Once we were on a solid surface, we took a left turn, like we had planned, and rode up a long gradual climb, which ended at a three-way intersection.  My guess was to turn left again and go south, but I decided to look at my i-phone to see where the left turn would take me because we had now been out for 1.5 hours and I was beginning to slightly worry about getting back to the car at a reasonable time.  Well, when I saw where we were on the map and that there was no quick way back to the car because all the roads ended at the north shore of the lake, my slight worry increased almost immediately.  Not only did we have to find another way around the lake, but we were also dealing with the temperature dropping and the coming of darkness.  Needless to say, things were not looking good, especially after we rode on pavement for another 45 minutes and were not getting much closer to where we needed to be.

Luckily, Dan was able to contact his Toasted Head teammates Jake Wade and Scott Green and arrange for them to pick us up.  After we arranged the pick-up, we continued to ride south for another 45 minutes on paved roads, mostly so we could stay warm, but also because there was no easy way for Jake and Scott to get to where we were.  I can't explain how glad I was to finally see those guys and how grateful I was for the ride they gave us, especially since they had come to get us immediately after completing their non-stop 14 hour drive from home.  In total, Dan and I rode 37 on/off road miles in three hours, which is certainly not a good thing to do before an important race.  Since we both started our pre-race riding adventure with only one bottle of water and did not dress properly for the dropping temperature, we are lucky things worked out like they did. Our misguided Friday ride also completely messed-up all of the plans we had set for preparing for the race, but Dan and I dealt with it fine and agreed that at least we were both in the same situation.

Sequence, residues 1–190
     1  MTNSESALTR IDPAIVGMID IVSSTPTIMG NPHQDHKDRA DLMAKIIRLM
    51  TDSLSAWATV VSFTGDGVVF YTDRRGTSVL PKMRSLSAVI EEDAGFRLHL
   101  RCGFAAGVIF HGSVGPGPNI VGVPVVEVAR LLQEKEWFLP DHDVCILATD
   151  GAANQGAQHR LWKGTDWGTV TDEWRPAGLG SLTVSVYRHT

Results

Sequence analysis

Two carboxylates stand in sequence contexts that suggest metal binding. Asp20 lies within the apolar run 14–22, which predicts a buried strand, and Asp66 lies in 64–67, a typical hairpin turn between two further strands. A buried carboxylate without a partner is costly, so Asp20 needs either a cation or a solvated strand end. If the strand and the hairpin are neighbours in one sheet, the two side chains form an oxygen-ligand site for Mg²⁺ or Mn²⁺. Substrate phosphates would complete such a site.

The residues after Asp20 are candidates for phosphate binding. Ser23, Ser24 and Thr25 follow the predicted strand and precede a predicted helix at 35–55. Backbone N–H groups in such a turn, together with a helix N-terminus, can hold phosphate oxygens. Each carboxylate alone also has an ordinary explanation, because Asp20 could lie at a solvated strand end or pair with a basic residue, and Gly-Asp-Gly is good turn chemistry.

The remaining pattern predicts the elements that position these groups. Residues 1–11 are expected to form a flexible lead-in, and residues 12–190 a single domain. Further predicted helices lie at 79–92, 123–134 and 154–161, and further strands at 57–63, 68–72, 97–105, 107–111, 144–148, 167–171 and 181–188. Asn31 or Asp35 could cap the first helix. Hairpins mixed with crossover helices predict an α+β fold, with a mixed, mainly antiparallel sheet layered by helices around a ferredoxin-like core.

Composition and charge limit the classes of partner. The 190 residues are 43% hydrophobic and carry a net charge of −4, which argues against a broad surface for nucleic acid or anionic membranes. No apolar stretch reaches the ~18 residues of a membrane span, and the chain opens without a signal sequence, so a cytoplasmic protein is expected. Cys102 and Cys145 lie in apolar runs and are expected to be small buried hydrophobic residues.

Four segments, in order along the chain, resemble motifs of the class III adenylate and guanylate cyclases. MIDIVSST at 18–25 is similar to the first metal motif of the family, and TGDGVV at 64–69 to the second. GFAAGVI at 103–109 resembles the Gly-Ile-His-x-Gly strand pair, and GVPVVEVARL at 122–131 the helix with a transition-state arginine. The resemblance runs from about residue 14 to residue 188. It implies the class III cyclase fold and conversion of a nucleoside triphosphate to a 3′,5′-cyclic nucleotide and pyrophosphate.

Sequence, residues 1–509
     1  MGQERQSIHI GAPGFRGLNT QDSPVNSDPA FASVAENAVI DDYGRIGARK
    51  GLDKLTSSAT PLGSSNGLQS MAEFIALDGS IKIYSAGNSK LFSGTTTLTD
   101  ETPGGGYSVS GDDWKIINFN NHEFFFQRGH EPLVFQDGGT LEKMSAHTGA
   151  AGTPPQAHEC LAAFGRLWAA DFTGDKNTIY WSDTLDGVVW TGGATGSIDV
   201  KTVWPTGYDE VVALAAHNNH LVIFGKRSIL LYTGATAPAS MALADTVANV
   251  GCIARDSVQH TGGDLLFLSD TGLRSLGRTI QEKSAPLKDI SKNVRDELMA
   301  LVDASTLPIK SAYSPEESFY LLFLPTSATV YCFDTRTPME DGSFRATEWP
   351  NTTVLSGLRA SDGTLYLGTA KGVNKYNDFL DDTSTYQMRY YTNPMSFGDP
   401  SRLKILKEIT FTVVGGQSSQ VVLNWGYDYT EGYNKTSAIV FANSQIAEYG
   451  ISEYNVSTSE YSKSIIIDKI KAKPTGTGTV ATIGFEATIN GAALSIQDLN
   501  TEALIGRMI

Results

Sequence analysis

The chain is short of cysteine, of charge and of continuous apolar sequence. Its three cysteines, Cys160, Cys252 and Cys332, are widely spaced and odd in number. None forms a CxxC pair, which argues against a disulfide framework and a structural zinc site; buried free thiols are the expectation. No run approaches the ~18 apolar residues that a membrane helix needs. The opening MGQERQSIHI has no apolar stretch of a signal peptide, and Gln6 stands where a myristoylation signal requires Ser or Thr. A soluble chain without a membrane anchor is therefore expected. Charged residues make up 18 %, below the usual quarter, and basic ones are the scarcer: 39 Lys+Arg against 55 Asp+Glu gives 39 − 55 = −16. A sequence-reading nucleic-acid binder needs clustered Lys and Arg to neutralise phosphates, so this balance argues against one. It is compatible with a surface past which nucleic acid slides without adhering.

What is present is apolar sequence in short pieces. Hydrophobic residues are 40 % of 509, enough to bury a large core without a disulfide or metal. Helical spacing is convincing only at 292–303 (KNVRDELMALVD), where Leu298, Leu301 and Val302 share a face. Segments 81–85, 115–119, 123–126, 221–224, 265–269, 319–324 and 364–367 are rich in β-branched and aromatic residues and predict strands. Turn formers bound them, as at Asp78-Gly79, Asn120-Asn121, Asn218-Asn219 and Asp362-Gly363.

We arrived at the starting line about an hour before the race.  Jake and Scott arrived earlier because of Toasted Head's commitment to supply wine to the podium finishers, which they had to deliver to the race promoter.  Upon our arrival, Jake said that there was a really long line for racer check-in and that it might be better for us to wait, so Dan and I did as much as we could to get ready for the race before deciding to jump in the never-shrinking line.  The delay we experienced in the registration line only left us with about ten minutes to put on our race numbers and do everything else necessary before the race started, which meant we did not get in any type of warm-up ride.  Of course, this all could have been avoided if we would have picked-up our stuff the night before the race like we had initially planned, but decided not to do because of our misguided pre-ride.

Luckily, the race did not start too fast and I was able to get my legs warmed-up on the mostly flat five miles leading up to the first major climb.  I shot up the climb and made contact with the lead group, as we turned onto the gravel roads on top of the ridge.  From there, the pace really picked-up and I was unable to match the speed being set on the fast gravel downhill portions of the course with my singlespeed.  I ended-up a few groups back from the leaders with a couple of geared guys and two singlespeeders, but D-Rapp was not in the mix with me in this group.  Once we left the pavement and went into the woods, about 10 miles into the race, Dan came up from behind and caught us.  He immediately went to the front and continued his fast pace up the second major climb of the day.  I was able to climb with him, but the other two singlespeeders lost contact on the last steep portion of the climb.

From that point, there was a long gradual descent through the woods that lead to some fast and flat paved and gravel roads.  After a couple miles, Dan and I ended-up in the second group of racers on the road about a minute behind the overall leaders at the turn around in the town of Story.  One time before this turn in Story and another time after it, Dan had a slight lead over me because riders in front of me allowed a gap to form in the paceline. Fortunately, I was able to bridge back up to Dan and the group each time this happened.  After the fast road section, the course turned left into some awesome single track trails and I went to the front of the group to see if I could get a gap on Dan.  He hung right with me through the single track, but everyone else in the group was gone.